Copyright ©2013 NPR. For personal, noncommercial use only. See Terms of Use. For other uses, prior permission required.

RENEE MONTAGNE, HOST:

The American Conservative movement has its big gathering later this week, a kind of yearly homecoming. It's C-PAC, the Conservative Political Action Conference where everyone from politicians to peddlers are out to inspire the faithful. NPR's Peter Overby has more.

PETER OVERBY, BYLINE: Every year about this time a Washington-area convention hotel has been The Place for conservatives to be. Last year, one of the headline speakers was Sarah Palin. She harked back to the second-ever C-PAC in 1975 when Ronald Reagan laid out a vision for a conservative Republican Party. She invoked his image of a banner of bold colors, not pale pastels.

(SOUNDBITE OF C-PAC)

SARAH PALIN: And ever since then C-PAC has been the rally for conservative action, and that's why I am glad to be here today with all of you conservative activists.

AL CARDENAS: Last year we had a hard time. Only about half of the people who wanted to watch the more popular speakers in the main ballroom were actually able to get in.

OVERBY: This is Al Cardenas, chairman of the American Conservative Union which puts on C-PAC. The conference is in a new, bigger hotel this year, down the Potomac River in Maryland. Cardenas says that despite last year's depressing election returns C-PAC attendance will barely dip. Nearly 10,000 people are expected, including more than 2,000 carrying media credentials.

Cardenas says more than half of the early registrants are under age 25. The run-up to C-PAC is often marked by controversy about who's invited and who's not. Many of last year's presidential primary candidates will be there this week. So will Mitt Romney. And, Cardenas notes, the agenda is rich in names that are being bandied about for next time.

CARDENAS: Just about everyone who may be a potential candidate for president in 2016 will be there in attendance.

OVERBY: The list includes Congressman Paul Ryan, Senators Rand Paul and Marco Rubio, former Florida governor Jeb Bush, and others. But not New Jersey governor, Chris Christie. There's still conservative anger at the way he embraced President Obama, figuratively and literally, after Superstorm Sandy smashed the Jersey shore just two weeks out from Election Day.

Also on the Not Invited List - GO-Proud... a conservative gay-rights organization that had formerly been a C-PAC cosponsor. Cardenas says people sometimes say C-PAC should have a welcoming, big-tent approach. But no.

CARDENAS: That's the mission statement for the Republican Party.

OVERBY: He says it's not C-PAC's job to be inclusive if its board votes not to, as this board did with GO-Proud.

CARDENAS: Our mission is to enrich, intellectually, the conservative movement, and to be persuasive.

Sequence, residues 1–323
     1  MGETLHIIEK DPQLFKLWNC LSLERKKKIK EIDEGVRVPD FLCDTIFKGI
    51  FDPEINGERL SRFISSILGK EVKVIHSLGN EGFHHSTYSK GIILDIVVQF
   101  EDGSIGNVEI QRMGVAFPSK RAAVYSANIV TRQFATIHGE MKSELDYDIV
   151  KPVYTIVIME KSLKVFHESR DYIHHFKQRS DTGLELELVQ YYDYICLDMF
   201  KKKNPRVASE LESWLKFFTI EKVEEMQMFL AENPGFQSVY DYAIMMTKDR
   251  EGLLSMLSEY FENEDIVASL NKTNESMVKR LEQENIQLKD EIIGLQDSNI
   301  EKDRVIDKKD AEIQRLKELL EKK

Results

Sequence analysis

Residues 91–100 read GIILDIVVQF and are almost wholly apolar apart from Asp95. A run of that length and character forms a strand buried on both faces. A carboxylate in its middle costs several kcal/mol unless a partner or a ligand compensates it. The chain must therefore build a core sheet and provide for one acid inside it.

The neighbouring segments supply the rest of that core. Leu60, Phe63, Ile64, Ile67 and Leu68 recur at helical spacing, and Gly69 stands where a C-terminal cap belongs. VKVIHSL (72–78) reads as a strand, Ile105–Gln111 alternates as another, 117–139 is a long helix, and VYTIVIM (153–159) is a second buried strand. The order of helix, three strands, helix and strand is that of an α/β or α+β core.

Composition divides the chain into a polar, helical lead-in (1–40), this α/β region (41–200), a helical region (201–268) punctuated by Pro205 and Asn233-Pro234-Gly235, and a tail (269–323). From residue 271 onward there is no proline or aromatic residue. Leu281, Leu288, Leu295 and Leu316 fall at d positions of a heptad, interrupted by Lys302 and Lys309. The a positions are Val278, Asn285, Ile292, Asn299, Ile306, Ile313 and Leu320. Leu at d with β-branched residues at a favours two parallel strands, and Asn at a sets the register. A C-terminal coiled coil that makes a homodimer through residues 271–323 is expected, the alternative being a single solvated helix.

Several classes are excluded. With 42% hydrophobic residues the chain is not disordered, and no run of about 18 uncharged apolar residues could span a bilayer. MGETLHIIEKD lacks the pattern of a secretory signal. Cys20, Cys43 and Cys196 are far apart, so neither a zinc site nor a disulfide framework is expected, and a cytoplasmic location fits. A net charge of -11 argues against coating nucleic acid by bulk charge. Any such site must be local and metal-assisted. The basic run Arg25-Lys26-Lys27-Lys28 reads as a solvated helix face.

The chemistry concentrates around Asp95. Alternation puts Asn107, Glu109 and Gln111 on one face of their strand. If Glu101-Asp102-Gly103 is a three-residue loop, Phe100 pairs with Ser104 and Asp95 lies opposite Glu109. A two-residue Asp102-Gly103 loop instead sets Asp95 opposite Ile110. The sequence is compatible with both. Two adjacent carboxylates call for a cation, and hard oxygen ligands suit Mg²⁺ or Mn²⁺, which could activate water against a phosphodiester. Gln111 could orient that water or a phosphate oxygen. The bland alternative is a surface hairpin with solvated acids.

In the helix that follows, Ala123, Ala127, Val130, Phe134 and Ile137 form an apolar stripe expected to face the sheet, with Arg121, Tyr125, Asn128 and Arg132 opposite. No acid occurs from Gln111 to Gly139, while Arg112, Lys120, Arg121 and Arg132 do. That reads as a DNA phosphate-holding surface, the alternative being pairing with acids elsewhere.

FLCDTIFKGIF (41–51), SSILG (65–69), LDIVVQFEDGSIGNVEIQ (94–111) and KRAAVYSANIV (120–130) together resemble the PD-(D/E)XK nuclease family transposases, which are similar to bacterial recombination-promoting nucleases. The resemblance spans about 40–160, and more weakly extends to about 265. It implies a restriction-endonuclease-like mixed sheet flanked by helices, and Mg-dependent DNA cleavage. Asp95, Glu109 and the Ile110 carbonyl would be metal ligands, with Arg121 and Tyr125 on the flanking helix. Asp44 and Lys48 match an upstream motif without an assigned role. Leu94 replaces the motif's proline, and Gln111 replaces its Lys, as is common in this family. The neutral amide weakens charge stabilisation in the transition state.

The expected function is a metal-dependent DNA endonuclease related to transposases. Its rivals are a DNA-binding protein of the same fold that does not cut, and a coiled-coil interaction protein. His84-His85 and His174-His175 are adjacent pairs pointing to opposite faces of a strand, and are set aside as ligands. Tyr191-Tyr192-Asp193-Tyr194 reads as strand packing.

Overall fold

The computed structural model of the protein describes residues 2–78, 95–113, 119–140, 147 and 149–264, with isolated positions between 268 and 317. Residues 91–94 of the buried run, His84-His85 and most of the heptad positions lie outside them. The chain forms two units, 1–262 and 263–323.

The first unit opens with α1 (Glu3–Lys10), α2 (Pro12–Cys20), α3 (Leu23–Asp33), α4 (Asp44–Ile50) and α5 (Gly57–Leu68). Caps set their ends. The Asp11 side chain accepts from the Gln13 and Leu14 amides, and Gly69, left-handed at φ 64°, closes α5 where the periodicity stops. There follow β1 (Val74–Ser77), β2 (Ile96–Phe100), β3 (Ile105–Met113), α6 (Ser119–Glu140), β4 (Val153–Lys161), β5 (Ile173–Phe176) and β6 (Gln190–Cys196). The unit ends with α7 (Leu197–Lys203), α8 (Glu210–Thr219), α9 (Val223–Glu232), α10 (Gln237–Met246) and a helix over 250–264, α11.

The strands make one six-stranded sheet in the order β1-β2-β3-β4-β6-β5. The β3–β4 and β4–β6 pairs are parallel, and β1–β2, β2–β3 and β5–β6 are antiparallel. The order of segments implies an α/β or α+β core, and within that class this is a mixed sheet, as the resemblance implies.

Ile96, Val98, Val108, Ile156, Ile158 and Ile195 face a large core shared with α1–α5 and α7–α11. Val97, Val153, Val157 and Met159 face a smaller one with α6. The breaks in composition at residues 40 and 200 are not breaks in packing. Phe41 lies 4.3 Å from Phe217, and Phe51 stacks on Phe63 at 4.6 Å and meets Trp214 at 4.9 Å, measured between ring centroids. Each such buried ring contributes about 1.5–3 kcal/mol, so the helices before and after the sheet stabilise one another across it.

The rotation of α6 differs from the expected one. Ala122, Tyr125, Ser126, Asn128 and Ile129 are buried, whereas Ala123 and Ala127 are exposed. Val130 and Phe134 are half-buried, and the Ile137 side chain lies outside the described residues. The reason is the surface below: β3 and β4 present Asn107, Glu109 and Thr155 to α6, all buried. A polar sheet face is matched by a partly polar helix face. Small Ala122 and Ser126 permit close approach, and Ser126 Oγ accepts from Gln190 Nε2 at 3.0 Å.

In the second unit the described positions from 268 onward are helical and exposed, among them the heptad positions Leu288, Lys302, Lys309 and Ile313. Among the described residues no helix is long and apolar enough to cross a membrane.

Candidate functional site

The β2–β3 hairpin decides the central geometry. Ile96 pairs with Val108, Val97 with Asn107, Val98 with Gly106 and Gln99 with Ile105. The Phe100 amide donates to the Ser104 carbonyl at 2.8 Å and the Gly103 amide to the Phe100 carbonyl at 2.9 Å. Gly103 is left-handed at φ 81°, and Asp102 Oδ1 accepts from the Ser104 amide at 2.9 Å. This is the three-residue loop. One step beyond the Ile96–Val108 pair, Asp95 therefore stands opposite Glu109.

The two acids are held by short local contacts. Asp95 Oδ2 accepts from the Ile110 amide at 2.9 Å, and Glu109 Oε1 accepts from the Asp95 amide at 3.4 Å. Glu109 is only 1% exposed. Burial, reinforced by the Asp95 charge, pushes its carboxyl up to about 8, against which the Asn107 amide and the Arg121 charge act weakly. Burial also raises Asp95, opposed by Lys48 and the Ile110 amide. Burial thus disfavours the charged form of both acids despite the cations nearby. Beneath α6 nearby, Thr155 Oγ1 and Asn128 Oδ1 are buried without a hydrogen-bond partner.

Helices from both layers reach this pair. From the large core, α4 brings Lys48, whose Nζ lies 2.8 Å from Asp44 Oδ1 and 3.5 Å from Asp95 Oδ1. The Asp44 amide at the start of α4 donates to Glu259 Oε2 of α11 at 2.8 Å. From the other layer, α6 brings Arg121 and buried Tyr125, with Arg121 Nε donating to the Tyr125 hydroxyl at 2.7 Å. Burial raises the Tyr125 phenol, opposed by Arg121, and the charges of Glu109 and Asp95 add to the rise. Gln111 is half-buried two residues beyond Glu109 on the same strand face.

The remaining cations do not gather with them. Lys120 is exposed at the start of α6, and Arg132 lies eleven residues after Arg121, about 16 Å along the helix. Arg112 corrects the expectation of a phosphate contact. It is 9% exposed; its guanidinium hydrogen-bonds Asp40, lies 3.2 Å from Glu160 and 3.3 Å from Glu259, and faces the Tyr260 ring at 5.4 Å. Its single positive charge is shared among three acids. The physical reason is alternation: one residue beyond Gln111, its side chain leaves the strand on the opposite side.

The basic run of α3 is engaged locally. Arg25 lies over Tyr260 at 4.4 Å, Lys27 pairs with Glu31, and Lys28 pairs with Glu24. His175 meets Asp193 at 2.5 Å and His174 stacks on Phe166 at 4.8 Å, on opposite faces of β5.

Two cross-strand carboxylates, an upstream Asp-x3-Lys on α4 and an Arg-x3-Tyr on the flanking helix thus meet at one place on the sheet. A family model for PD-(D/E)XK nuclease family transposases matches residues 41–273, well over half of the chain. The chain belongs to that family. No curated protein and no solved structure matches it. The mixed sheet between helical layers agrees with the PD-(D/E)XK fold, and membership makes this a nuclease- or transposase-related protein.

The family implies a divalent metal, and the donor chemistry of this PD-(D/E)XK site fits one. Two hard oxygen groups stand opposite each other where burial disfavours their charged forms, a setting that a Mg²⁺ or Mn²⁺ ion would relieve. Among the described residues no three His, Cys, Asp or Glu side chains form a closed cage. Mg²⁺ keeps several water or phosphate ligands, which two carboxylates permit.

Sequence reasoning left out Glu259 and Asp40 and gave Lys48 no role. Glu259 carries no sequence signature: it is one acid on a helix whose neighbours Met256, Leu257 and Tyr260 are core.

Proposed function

OVERBY: Jimmy LaSalvia isn't persuaded. He's GO-Proud's director and a co-founder.

JIMMY LASALVIA: For two years we were under attack, from people who wanted us out of C-PAC simply because we are gay.

OVERBY: He says that if the conservative movement wants to win it has to learn to reach out.

LASALVIA: I don't know if establishment leaders in Washington are finished losing yet.

OVERBY: This cloistered feeling is reflected in the funding behind C-PAC. The list of sponsors and cosponsors is a long one. But it's almost entirely activists and consultants within the conservative movement: The National Rifle Association, Tea Party Patriots, the Heritage Foundation, and so on. Again, Al Cardenas.

CARDENAS: Any corporate sponsors who appear as sponsors, it's because they're promoting a particular point of view.

OVERBY: A point of view that typically matches C-PAC's bold conservative colors and not pale, compromising pastels. Peter Overby, NPR News, Washington.

(SOUNDBITE OF MUSIC)

MONTAGNE: This is NPR News.

(SOUNDBITE OF MUSIC)

Copyright © 2013 NPR. All rights reserved. No quotes from the materials contained herein may be used in any media without attribution to NPR. This transcript is provided for personal, noncommercial use only, pursuant to our Terms of Use. Any other use requires NPR's prior permission. Visit our permissions page for further information.

NPR transcripts are created on a rush deadline by a contractor for NPR, and accuracy and availability may vary. This text may not be in its final form and may be updated or revised in the future. Please be aware that the authoritative record of NPR's programming is the audio.

Comments

 

Please keep your community civil. All comments must follow the NPR.org Community rules and terms of use, and will be moderated prior to posting. NPR reserves the right to use the comments we receive, in whole or in part, and to use the commenter's name and location, in any medium. See also the Terms of Use, Privacy Policy and Community FAQ.

Support comes from: